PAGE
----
Tag Archives: nursing

The things I wish my midwife had told me.

 

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Hindsight is a wonderful thing, isn’t it? During the course of my pregnancy, I was always so blind sighted by the concept of holding my baby that I didn’t really explore or look into what life might be like post baby and what babies actually do.

We all know how it goes; babies, eat, sleep and poop. I was naive to assume as much and to never have questioned what goes on in between or even during these stages in the day. I didn’t bother to think about what babies do when they are awake, how they act and what can trigger them to act in a particular way. Why does a baby cry?

I feel that I was misled and misinformed by the midwives and ante natal classes. I was only ever told of the positive side to motherhood, breastfeeding and babies. Never the negatives. I was silly to have been so naive and not ask more questions or have done more research into life with a newborn. After all, it is a life changing experience and I wish I paid more attention to this and given post birth some thought. I had wanted my baby so bad that I overlooked some of the most important factors surrounding becoming a first time parent. I had unknowingly set myself up for failure.

There is a lot more to babies than eating, sleeping and pooping. It is not as simple as it can be made to seem and a lot more delicate.

 What happens when all your baby wants is to be held and will not allow to be put down? What happens when your baby is awake all night, crying in discomfort with colic? Nothing that you try to do will help and the crying only intensifies. What then?

21911266_175156759703314_3618031242710089728_n What happens when your baby gains the benefits of breastfeeding but you, as the Mother are left feeling drained and lifeless from hours of cluster or comfort feeding? Breastfeeding is said to help a Mother share a strong bond with baby, however I was not aware nor made aware about issues that develop such as cluster feeding. The whole aspect of bonding is overlooked in my experience and I don’t feel nursing my baby builds a bond, nursing simply intensities how tired I am. I feel like I am not yet a Mother, I am a feeding mechanism with a baby attached to me almost 24/7.

 

Nobody warned me of the darker side to parenthood or what happens come dark. There is no routine and there will not be for a long time. Why are parents so misinformed about issues such as colic? Why are the benefits of breastfeeding pushed at new mums yet the reality of this nursing method is missed out?

Perhaps it is down to the parents to do their own research pre baby. Perhaps health care professionals should be more open with the reality of life with a newborn and not lead parents into a false pretense. I hadn’t even heard of colic prior to this. I have discovered just how common it can be among newborns and I feel a little upset that something so common does seem to be overlooked and not spoken of during a woman’s pregnancy.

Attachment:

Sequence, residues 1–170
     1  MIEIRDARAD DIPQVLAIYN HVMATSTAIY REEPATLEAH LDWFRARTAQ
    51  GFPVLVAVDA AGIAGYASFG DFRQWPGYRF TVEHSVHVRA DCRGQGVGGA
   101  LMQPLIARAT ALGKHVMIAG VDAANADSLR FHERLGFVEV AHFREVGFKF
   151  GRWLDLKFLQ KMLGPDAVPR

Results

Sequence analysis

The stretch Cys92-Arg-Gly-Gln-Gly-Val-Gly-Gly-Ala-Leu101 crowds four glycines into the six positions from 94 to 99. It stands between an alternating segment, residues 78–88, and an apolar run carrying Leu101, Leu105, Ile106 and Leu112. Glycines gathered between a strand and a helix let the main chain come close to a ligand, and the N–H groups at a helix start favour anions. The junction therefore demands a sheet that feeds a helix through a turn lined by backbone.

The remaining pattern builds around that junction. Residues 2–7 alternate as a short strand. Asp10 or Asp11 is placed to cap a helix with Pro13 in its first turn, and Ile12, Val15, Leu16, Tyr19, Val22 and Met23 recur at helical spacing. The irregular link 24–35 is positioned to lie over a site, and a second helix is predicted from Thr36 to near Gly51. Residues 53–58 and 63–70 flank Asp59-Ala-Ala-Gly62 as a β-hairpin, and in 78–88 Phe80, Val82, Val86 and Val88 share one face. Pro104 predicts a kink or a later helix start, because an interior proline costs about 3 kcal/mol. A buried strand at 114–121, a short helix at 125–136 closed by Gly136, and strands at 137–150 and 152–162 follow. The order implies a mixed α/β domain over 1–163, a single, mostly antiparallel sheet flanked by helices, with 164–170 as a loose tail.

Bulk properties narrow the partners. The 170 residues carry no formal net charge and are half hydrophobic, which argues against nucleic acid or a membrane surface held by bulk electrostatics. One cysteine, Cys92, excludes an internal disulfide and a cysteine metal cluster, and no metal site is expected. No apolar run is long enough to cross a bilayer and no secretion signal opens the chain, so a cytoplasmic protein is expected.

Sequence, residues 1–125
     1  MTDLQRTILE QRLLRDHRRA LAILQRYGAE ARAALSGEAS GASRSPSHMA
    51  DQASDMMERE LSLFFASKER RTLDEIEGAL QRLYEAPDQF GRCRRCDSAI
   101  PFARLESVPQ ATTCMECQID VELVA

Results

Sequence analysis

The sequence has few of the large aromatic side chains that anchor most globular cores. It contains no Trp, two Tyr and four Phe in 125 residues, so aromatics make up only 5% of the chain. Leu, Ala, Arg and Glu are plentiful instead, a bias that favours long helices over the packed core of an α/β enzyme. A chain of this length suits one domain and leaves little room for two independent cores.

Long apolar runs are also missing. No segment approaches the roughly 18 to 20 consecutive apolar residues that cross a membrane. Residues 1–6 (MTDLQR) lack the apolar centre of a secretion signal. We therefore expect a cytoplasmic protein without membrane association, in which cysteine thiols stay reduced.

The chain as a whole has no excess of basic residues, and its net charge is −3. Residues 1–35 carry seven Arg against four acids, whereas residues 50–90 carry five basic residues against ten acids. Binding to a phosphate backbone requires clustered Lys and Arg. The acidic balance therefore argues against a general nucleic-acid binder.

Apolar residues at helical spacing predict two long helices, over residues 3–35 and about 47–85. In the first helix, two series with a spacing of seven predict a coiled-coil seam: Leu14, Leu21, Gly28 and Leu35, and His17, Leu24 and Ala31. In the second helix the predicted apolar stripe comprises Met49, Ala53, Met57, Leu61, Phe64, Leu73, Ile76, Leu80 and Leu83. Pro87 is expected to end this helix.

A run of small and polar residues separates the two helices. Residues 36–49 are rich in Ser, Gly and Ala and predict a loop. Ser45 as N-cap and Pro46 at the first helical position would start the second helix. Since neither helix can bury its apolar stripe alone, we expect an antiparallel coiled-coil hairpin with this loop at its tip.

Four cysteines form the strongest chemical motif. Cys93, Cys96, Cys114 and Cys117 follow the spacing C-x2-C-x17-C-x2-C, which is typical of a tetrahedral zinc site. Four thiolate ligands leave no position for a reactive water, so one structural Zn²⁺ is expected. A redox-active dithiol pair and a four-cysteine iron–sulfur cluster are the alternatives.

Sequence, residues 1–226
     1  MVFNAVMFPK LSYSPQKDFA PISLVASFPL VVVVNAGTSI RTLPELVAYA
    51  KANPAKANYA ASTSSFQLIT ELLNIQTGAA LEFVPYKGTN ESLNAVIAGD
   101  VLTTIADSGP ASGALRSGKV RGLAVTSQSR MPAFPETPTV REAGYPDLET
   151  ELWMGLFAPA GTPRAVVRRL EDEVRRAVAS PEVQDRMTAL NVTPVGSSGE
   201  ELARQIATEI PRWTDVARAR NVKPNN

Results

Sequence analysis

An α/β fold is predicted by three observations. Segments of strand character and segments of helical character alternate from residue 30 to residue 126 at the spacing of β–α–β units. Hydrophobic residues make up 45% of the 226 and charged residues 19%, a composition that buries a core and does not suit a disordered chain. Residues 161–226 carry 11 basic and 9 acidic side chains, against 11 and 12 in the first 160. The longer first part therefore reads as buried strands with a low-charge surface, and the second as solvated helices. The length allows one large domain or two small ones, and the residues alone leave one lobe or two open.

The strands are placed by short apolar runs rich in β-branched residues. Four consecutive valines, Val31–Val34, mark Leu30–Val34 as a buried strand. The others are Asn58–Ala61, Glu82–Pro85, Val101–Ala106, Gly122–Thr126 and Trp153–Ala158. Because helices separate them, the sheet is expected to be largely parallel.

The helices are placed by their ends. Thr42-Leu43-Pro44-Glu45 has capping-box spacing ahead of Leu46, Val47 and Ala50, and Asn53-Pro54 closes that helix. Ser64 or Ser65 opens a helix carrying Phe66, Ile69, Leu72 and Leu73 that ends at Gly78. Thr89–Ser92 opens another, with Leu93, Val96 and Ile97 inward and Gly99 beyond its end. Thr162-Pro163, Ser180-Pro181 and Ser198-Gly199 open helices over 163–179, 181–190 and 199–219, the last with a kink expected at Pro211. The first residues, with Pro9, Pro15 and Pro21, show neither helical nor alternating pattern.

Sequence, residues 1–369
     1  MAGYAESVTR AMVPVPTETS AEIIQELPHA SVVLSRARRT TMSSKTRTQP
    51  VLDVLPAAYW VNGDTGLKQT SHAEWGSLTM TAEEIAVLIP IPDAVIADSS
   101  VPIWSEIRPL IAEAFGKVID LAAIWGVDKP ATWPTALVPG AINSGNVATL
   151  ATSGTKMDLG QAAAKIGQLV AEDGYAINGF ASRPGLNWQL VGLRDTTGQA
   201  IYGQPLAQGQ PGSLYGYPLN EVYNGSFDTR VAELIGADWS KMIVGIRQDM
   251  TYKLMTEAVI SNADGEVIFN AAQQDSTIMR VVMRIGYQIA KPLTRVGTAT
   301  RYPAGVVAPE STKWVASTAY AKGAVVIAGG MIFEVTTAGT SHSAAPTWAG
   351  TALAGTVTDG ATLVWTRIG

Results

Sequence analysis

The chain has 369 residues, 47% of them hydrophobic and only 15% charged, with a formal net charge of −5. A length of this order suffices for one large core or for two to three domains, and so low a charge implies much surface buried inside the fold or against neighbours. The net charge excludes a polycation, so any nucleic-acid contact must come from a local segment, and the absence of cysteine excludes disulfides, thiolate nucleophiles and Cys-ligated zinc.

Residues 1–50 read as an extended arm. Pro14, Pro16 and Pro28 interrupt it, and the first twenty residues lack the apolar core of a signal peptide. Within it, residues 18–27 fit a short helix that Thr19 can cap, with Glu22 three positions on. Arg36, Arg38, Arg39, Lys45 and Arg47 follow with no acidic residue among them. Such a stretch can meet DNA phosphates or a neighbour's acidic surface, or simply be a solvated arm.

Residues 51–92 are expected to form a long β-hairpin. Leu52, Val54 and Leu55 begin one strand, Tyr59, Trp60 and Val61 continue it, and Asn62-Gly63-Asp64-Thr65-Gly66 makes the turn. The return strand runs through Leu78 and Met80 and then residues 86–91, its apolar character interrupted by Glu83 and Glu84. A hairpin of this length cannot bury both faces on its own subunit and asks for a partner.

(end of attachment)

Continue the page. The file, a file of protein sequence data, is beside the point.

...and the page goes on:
21819793_351033521976984_1886224562660573184_n We are currently involved in a six week baby massage class where we learn routines and techniques to massage Eleanor. An element of the class covers dealing with colic and wind build up, methods to help subside this are taught and seem to be very beneficial and relaxing. It certainly chills Eleanor out but is in no way the answer to her colic nor a long term solution.

I feel that had I been given information about colic or told the disadvantages of breastfeeding I could have prepared myself for the impact each would have and the extent of the toll that such issues can and do take. No new parent wants to be nursing their baby for hours through the night to help soothe the excessive crying, unable to lay their baby down anywhere but right beside them. It is tough. 

We are told by Health care staff that colic is a phase that will pass. When? When will this phase pass? It is so easy to say yet being on the receiving end and dealing with your baby who is clearly in discomfort and struggling is not so easy. It is hard to see her struggle through. I feel so helpless during her episodes of this. Being told it will pass, is simply no use.

Life with a newborn is hard and there is so much more to it than we are led to believe. I often find myself feeling the strain of handling a baby all day both physically and emotionally, especially when she does not like to be put down. You don’t really get a break being a new parent and certainly factors such as colic and comfort feeding add to this. I only hope that come time, colic and the disadvantages of breastfeeding become more spoken of and awareness surrounding both is brought to the attention of new parents.

21690458_1415176985245146_942516790557147136_n I only wish that during my pregnancy I had done my research and asked more questions. Had I had the information which I do now, could I have prevented the colic? Could I have been in a better routine of the sorts? Would I still have chosen to breastfeed? The fact is, it is now too late to wonder what if, II can now only act on the decisions that I had made and deal with each day at a time. I hope that this is just a phase and that the colic and the crying relentlessly will pass, sooner rather than later and I can gain some Independence back.